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Months before Pose received its Emmy nomination in July, costume designer Analucia McGorty and her crew of tailors and designers spent hours hand-painting toy horses that would line the underside of a metal petticoat. McGorty said that she sat under the Marie Antoinette-inspired “guillotine” skirt, painting imagery of the children’s toys, and thought, “This is amazing; this is my job. I love this!”
The whimsical garment was just one of the many pieces that McGorty, now an Emmy nominee for best outstanding period costumes, created to help Elektra’s (Dominique Jackson’s) season two look come to life. Crafting extravagant ensembles for Pose’s ballroom scenes is just a day at work for McGorty (the season finale is Aug. 20).
“It’s just plainly the costume designer’s dream show,” McGorty told The Hollywood Reporter. “It’s so visual, so creative, so outside of the normal sitcom you might see on television.”
McGorty said she started working on the Ryan Murphy series after fellow costume designer and producer Lou Eyrich introduced her to the project. Though she wasn’t part of the cultural scenes Pose depicts, McGorty said that the Jennie Livingston documentary Paris Is Burning introduced her to the subculture and inspired her to take on the job.
The research that went into creating some of the show’s biggest looks entailed more than just taking inspiration from the 1991 documentary film. McGorty and her team spoke with consultants such as those from House of Xtravaganza (an active part of the underground New York City ballroom scene since 1982) and ballroom emcee Jack Mizrahi and referred to YouTube videos of the ball scene to learn more about what went into a ballroom look.
Though some of the most exciting and cathartic moments from the show happen to line up with the most vibrant and flamboyant looks, McGorty said she is conscious that not everyone in the voguing scene can afford glittery shoulder pads and custom-made gowns.
“We try to make sure that we’re showcasing different levels of iconic and legend in the ball scene,” she said.
McGorty added that someone’s age and experience level of walking in the balls can determine the outfits they sport. Members of the ballroom scene who are younger or newer to the environment might flaunt thrift shop finds or borrow clothes from their friends, while longer-term figures strut in glamorous looks that can have a bigger impact.
“They have a little more of a grand entrance and they have a little more going on with their look, they have more money and they’re more established,” she said.
With access to fancier clothes come show-stopping looks, such as those the Pose‘s house mothers don. For the Marie Antoinette piece Jackson wears in the current season’s first episode, McGorty said that she and her team custom-made every aspect, from the pink bodice to the guillotine-like mechanism.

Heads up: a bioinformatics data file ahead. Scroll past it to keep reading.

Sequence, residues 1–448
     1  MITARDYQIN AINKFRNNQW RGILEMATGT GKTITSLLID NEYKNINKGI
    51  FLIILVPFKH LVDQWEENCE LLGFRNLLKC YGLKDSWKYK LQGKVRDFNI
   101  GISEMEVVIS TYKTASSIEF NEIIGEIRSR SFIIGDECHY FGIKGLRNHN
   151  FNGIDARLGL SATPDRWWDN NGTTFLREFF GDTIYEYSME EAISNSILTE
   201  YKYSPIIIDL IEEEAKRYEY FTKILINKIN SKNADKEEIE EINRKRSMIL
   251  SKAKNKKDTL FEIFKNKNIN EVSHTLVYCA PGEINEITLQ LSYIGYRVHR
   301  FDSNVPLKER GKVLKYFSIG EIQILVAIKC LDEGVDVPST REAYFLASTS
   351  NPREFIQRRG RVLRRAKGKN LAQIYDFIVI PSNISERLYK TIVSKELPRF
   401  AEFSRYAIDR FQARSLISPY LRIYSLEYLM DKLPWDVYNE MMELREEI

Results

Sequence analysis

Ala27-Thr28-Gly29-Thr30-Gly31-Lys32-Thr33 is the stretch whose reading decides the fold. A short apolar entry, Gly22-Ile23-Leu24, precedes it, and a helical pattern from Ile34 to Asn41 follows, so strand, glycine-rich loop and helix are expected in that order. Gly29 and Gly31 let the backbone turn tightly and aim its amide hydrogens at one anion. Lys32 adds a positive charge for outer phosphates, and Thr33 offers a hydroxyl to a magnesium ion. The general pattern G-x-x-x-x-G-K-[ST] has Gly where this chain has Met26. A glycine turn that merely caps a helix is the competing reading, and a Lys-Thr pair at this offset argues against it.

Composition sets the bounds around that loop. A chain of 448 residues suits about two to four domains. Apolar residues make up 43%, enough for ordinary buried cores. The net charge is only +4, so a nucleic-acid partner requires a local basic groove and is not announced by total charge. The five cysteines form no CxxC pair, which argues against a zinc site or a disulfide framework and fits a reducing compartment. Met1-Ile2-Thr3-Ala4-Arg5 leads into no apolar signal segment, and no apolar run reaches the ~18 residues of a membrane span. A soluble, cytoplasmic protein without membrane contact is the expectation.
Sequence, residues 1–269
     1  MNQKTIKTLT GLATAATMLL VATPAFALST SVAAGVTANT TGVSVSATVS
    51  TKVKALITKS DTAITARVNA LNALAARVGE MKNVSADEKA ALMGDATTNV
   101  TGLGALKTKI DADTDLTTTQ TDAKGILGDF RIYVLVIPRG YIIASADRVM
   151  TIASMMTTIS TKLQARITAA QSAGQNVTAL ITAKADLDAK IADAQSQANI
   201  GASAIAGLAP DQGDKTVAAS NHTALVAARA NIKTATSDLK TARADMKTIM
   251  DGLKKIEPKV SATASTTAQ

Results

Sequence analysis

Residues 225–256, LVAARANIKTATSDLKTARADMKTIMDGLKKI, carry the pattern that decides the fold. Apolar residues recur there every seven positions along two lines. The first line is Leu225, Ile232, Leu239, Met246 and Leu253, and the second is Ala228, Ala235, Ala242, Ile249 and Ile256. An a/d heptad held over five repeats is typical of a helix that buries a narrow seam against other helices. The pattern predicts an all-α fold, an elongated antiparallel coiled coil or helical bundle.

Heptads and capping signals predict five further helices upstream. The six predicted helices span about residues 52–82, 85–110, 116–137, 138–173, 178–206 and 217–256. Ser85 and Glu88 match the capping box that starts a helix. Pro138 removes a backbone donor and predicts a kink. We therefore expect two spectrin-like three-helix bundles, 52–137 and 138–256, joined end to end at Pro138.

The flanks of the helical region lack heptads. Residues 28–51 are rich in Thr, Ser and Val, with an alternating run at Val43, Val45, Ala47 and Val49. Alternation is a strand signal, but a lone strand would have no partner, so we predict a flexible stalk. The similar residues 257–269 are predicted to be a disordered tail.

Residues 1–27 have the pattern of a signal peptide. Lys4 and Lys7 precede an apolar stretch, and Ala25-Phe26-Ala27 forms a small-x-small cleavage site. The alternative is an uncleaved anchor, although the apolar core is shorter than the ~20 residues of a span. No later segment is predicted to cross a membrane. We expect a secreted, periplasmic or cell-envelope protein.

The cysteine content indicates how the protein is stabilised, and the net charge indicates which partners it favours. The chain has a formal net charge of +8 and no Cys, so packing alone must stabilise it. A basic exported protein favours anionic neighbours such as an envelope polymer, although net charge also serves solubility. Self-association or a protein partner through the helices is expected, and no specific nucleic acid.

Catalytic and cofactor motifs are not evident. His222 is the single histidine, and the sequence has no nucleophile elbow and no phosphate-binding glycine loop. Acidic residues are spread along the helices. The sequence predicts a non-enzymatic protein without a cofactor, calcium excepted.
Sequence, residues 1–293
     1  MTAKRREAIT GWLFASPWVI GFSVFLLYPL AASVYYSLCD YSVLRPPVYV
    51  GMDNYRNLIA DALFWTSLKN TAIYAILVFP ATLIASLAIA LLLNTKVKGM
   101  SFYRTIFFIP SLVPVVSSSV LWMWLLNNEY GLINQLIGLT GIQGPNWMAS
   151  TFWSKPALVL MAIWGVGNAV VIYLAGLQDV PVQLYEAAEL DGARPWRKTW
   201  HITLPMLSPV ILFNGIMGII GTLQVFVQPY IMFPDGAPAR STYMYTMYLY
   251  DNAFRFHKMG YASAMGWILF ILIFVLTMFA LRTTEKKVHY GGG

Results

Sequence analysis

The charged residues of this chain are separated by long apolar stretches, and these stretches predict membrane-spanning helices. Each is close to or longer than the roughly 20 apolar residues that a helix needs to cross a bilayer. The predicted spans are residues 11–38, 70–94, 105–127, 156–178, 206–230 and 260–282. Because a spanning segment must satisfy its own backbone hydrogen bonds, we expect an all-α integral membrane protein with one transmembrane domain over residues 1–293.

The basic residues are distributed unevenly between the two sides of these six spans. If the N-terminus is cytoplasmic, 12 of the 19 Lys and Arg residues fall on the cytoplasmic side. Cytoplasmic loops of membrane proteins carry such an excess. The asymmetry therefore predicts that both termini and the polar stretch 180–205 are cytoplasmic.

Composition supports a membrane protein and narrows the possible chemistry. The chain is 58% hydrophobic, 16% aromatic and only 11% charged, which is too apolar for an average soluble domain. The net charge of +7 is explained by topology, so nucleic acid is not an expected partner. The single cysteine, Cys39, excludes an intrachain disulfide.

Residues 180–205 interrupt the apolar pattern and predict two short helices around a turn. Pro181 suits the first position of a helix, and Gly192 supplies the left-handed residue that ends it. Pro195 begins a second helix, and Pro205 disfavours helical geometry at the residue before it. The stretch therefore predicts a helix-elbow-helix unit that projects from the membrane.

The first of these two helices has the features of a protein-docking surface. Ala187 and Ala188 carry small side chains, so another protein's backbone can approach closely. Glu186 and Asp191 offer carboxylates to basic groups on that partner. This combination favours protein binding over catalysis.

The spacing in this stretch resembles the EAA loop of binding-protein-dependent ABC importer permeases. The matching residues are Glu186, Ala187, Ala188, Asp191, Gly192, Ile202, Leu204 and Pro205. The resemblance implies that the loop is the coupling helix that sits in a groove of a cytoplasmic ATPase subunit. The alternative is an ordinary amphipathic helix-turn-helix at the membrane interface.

“It was outrageously over the top,” she said.
The decadent ensemble even included a working miniature carousel comprised of the hand-painted toy horses attached to a hollowed-out metal skirt.
Getting Jackson comfortable in the ensemble and perfecting the beheading action required trial and error, experimentation and patience, McGorty said.
In Pose, the theatrics that comes with ballroom costumes don’t guarantee grand prize wins unless the costume as a whole inspires an emotional reaction, as demonstrated by Angelica Ross’ final look as Candy, McGorty said.
“It was so beautiful in the way it was written, and the acting, it was so brilliant,” she said. “I don’t [even] know what it was, but it was just such a happy and beautiful costume.”
In Candy’s final ballroom scene, during the fourth episode of the season, Ross’ character struts around in a red fringe-laden dress as she lip-syncs to Stephanie Mills. The dynamic garment that moves with each of Candy’s steps features a heart made of red fringe, which McGorty said she included as a love letter to the series regular.
Leaving love notes in her costumes, whether they are red fringe hearts, butterfly accents, graphics, color schemes or photos, allows McGorty to celebrate and pay homage to the artists from the real voguing scene.
“I just try to always be respectful and always talk about the people who have influenced the episode, as well as everybody who works on this show,” she said.
McGorty said that as the program’s costume designer, she carries a sense of responsibility to celebrate and support the LGBTQ+ community and its larger cultural contributions.
“We really want to show our lives to this community and not just my talking about fashion … it’s bigger than that,” she said. “I know we want to continue working with that community so that keeps going.”
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